A few years ago I wrote my thesis on how the demand for different characteristics of housing (ie. beds, baths, condition, square footage, upgrades, location, etc) change in a good economy versus a bad economy. In beginning the research, I broke basic detached residential housing into 20 different characteristics in an effort to construct a statistical model. Not surprisingly, the square footage of a property was very highly correlated to the price of a property. In fact, square footage by itself was so highly correlated to price that it actually made it difficult to analyze the other characteristics; it essentially drowned out the other correlations. Ultimately, I ended up changing the dependent variable in my regression analysis to price per square foot (rather than price alone). This allowed me to analyze the other variables more effectively and how they contribute to the price per square foot of a particular property.
Since the time of this research, I have become more aware of the cost per square foot when buying an investment property. Don’t get me wrong, I’m not running regression analysis against 20 variables on every property I purchase, but I do think that the cost per square foot is a very interesting data point.
Cost per Square Foot vs. Replacement Cost per Square Foot
It is especially interesting to look at the cost per square foot of an investment property compared to replacement cost per square foot. With home prices as low as they are right now, there is an unprecedented opportunity to buy property for much less than what it would cost to rebuild a property. Does this mean that any property below replacement cost is a good deal? Certainly not. However, in markets where the fundamentals are still strong and housing recovery is a reasonable expectation, buying property for much less than replacement cost is probably a good investment. For example, in my market, the average cost to construct a new home is approximately $80/sf. Based on the fact that my market is expected to grow over the next several years, I believe that buying and fixing property for $40/sf (half of the cost to construct) will make for a very good investment in the years to come.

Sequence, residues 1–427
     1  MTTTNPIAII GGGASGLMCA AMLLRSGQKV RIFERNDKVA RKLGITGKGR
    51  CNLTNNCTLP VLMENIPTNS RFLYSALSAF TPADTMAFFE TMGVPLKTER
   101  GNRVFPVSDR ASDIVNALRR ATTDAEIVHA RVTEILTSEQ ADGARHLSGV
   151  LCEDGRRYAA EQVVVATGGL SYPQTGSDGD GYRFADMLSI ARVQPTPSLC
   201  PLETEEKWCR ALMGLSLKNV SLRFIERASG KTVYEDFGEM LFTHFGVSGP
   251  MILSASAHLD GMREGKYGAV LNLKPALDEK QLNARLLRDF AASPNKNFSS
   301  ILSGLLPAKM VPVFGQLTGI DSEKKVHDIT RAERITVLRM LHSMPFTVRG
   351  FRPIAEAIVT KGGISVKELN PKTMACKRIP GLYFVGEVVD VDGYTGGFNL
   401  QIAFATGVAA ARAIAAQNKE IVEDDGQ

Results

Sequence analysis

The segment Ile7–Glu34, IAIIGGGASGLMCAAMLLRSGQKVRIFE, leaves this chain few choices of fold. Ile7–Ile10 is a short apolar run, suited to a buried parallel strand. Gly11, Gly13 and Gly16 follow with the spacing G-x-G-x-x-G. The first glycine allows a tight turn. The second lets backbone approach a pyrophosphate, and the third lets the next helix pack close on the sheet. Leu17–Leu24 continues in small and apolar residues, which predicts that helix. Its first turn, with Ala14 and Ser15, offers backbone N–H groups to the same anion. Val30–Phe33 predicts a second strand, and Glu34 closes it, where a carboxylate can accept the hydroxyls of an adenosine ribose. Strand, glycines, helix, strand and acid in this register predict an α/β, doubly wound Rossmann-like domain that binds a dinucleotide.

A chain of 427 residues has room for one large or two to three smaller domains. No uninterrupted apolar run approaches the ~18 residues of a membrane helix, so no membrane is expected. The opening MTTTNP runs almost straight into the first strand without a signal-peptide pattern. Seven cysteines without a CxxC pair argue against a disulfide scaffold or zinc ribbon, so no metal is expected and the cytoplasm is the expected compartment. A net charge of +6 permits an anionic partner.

With that said, it is also important to analyze price per square foot against comparable properties to determine whether or not a particular property is a good deal for an investor. If the majority of the properties in a particular sub-market are being acquired and rehabbed for $60/sf, as an investor I would probably want to hold out for a property where there cost per square foot was less than this. Even though $60/sf is less than replacement cost, I still want to make sure my investment decision is competitive compared to the surrounding market.
When it comes to buying investment property, there is no right or wrong answer as it relates to square footage. I have found that bigger properties seem to rent quicker and are more attractive to would-be buyers. However, larger houses also come with a higher price tag for rehab and maintenance. Ultimately, if I’m going to buy an investment property, I’m going to make sure that my cost per square foot is very strong compared to the market. And chances are, in this market I’m going to buy the property for much less than what it would cost to build new.
Photo: Louise Docker